U.S. Leaders and Dignitaries

Ronald Reagan, President of the United States of America:

Like the genocide of the Armenians before it, and the genocide of the Cambodians which followed it — and like too many other such persecutions of too many other peoples —the lessons of the Holocaust must never be forgotten.”April 22, 1981

 

Gerald Ford, President of the United States of America:

“Mr. Speaker, with mixed emotions we mark the 50th anniversary of the Turkish genocide of the Armenianpeople. In taking notice of the shocking events in 1915, we observe this anniversary with sorrow in recalling the massacres of Armenians and with pride in saluting those brave patriots who survived to fight on the side of freedom during World War I.”

 

Theodore Roosevelt, President of the United States of America:

. . . the Armenian massacre was the greatest crime of the war, and the failure to act against Turkey is to condone it . . . the failure to deal radically with the Turkish horror means that all talk of guaranteeing the future peace of the world is mischievous nonsense.” May 11, 1918

 

Henry Morgenthau, Ambassador Plenipotentiary to Turkey from 1913 to 1916:

When the Turkish authorities gave the orders for these deportations, they were merely giving the death warrant to a whole race; they understood this well, and, in their conversations with me they made no particular attempt to conceal the fact.

Whatever crimes the most perverted instincts of the human mind can devise, and whatever refinements of persecution and injustice the most debased imagination can conceive, became the daily misfortunes of this devoted people. I am confident that the whole history of the human race contains no such horrible episodes as this. The great massacres and persecutions of the past seem almost insignificant when compared with the suffering of the Armenian race in 1915.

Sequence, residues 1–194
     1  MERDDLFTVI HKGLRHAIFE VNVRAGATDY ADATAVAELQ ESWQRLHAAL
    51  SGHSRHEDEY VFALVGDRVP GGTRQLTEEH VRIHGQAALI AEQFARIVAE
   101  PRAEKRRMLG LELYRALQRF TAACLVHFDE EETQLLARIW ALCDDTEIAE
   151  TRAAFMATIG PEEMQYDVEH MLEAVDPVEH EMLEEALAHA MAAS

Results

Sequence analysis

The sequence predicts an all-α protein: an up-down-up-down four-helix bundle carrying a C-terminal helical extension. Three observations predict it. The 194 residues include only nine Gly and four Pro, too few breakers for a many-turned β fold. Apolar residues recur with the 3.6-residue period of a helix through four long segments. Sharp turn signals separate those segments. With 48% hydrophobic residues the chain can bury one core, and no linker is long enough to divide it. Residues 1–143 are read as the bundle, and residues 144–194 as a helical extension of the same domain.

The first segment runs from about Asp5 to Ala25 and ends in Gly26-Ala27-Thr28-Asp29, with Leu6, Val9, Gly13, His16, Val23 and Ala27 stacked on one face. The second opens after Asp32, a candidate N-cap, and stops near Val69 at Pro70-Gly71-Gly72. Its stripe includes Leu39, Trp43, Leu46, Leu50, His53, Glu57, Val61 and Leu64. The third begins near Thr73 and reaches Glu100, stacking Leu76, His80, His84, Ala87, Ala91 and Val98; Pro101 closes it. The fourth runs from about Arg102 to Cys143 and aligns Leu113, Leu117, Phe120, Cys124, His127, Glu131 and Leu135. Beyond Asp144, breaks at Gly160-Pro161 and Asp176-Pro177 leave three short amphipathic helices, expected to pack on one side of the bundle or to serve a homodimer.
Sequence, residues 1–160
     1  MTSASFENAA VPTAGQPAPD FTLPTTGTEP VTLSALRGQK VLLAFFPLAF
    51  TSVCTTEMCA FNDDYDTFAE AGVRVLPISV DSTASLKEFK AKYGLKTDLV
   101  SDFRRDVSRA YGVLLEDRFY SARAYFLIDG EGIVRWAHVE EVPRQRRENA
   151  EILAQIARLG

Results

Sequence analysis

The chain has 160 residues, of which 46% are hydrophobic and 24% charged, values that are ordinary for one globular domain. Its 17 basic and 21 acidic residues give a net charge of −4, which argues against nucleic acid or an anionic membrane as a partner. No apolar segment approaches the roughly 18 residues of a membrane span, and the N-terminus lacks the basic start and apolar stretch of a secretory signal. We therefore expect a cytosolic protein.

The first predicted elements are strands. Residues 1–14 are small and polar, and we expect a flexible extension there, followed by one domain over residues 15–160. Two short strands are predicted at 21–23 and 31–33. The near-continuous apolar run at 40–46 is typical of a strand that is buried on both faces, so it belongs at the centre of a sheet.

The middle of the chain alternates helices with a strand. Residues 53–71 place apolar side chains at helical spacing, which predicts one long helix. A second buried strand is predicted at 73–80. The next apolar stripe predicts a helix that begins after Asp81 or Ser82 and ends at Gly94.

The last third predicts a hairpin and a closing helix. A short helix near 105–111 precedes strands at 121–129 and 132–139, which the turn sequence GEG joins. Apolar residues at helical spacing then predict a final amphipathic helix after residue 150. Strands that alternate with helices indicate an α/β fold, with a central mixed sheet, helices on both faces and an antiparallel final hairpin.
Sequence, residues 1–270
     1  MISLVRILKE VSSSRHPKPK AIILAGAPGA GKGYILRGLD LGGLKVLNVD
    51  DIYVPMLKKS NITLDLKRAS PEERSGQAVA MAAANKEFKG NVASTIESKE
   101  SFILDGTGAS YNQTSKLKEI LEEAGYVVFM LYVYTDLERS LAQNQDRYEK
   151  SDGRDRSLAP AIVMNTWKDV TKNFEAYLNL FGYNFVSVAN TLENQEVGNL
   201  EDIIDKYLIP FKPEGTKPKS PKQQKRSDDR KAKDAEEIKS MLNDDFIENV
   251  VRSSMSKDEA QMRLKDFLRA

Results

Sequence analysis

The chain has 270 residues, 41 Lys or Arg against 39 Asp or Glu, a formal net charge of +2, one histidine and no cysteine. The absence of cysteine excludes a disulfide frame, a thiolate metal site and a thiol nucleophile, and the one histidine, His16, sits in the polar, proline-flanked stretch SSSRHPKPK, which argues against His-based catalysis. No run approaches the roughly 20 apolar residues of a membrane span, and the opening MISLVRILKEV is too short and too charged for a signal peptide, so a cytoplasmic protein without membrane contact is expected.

Leslie A. Davis, U.S. Consul in Harput from 1914 to 1917:

A remarkable thing about the bodies that we saw was that nearly all of them were naked…There were gaping bayonet wounds on most of the bodies, usually in the abdomen or chest, sometimes in the throat. Few persons had been shot, as bullets were too precious. It was cheaper to kill with bayonets and knives. Another remarkable thing was that nearly all the women lay flat on their back and showed signs of barbarous mutilation by the bayonets of the gendarmes, these wounds having been inflicted in many cases probably after the women were dead…We estimated that in the course of our ride around the lake, and actuallywithin the space of twenty-four hours, we had seen the remains of not less than ten thousand Armenians who had been killed around lake Goeljuk.”

 


 

British Leaders and Dignitaries:

Winston S. Churchill, Prime Minister of Great Britain:

In 1915, the Turkish Government began and ruthlessly carried out the infamous general massacre and deportation of Armenians in Asia Minor.”

 

David Lloyd George, Prime Minister of Great Britain:

In the province of Armenia, Abdul Hamid and the Young Turks had deliberately set themselves to the simplification of the Armenian difficulty by exterminating and deporting the whole race, whom they regarded as infidels and traitors.”


 

German Leaders and Dignitaries:

Adolf Hitler, Chancellor of Germany from 1933 to1945:

Who, after all, speaks today of the annihilation of the Armenians?”1

1This statement first appeared in Lochner’sWhat about Germany?(New York: Dodd, Mead & Co., 1942) p. 1-4. The Nuremburg Trial later identified the document as Exhibit USA-28:

 

Hans Wangenheim, Ambassador of Imperial Germany to Turkey from 1912 to October 1915:

“…the manner in which the matter of relocation is being handled demonstrates that thegovernment is in fact pursuing the goal of annihilating the Armenian race in Turkey.”

Hohenlohe-Langenburg, Ambassador Extraordinary, Oct.-Nov 1915:

The systematic butchery of the uprooted and deported Armenians has assumed such a scope…it was not only tolerated but openly promoted by the government. It meant the extermination of the Armenians. Despite government assurances to the contrary, everything points to the goal of the destruction of the Armenian people.”